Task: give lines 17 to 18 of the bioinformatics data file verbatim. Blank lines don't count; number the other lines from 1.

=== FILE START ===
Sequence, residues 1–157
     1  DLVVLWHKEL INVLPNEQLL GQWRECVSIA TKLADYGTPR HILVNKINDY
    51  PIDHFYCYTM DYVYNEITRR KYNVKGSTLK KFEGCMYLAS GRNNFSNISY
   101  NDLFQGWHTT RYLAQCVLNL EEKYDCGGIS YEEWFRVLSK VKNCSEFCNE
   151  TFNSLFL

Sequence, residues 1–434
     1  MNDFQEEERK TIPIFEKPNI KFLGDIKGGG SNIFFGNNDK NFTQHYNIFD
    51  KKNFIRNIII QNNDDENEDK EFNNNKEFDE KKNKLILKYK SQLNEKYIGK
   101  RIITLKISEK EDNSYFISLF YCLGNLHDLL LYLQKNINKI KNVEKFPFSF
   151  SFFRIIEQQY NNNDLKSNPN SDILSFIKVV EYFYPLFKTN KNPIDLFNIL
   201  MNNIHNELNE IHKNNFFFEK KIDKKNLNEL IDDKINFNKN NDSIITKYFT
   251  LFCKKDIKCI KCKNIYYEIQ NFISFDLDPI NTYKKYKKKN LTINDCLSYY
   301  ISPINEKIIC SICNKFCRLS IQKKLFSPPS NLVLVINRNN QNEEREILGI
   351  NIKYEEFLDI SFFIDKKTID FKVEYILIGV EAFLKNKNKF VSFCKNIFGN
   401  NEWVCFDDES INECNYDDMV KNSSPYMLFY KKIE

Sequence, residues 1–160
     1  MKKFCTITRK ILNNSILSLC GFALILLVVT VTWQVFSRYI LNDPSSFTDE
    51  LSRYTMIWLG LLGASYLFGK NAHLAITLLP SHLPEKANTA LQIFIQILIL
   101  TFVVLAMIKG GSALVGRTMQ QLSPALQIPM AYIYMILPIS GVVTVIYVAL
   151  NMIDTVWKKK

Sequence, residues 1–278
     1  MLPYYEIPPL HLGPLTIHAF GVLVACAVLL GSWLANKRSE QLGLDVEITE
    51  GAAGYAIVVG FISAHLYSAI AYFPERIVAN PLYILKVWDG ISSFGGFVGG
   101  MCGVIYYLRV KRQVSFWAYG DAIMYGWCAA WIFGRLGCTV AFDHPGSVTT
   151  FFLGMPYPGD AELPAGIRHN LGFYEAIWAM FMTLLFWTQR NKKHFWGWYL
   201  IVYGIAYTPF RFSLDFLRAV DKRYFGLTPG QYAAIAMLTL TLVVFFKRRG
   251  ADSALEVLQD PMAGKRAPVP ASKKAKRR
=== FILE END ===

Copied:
     1  MKKFCTITRK ILNNSILSLC GFALILLVVT VTWQVFSRYI LNDPSSFTDE
    51  LSRYTMIWLG LLGASYLFGK NAHLAITLLP SHLPEKANTA LQIFIQILIL